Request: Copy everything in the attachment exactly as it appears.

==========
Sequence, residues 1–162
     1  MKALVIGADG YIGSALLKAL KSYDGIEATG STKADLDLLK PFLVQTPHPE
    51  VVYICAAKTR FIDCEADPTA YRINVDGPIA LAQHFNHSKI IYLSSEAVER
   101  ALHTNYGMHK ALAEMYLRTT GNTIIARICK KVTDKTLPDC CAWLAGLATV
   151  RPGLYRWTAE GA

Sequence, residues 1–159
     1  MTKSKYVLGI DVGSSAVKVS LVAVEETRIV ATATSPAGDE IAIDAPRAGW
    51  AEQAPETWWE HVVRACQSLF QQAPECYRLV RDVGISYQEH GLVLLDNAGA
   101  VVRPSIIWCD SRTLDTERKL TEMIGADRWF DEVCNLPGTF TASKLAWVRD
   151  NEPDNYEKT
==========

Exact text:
Sequence, residues 1–162
     1  MKALVIGADG YIGSALLKAL KSYDGIEATG STKADLDLLK PFLVQTPHPE
    51  VVYICAAKTR FIDCEADPTA YRINVDGPIA LAQHFNHSKI IYLSSEAVER
   101  ALHTNYGMHK ALAEMYLRTT GNTIIARICK KVTDKTLPDC CAWLAGLATV
   151  RPGLYRWTAE GA

Sequence, residues 1–159
     1  MTKSKYVLGI DVGSSAVKVS LVAVEETRIV ATATSPAGDE IAIDAPRAGW
    51  AEQAPETWWE HVVRACQSLF QQAPECYRLV RDVGISYQEH GLVLLDNAGA
   101  VVRPSIIWCD SRTLDTERKL TEMIGADRWF DEVCNLPGTF TASKLAWVRD
   151  NEPDNYEKT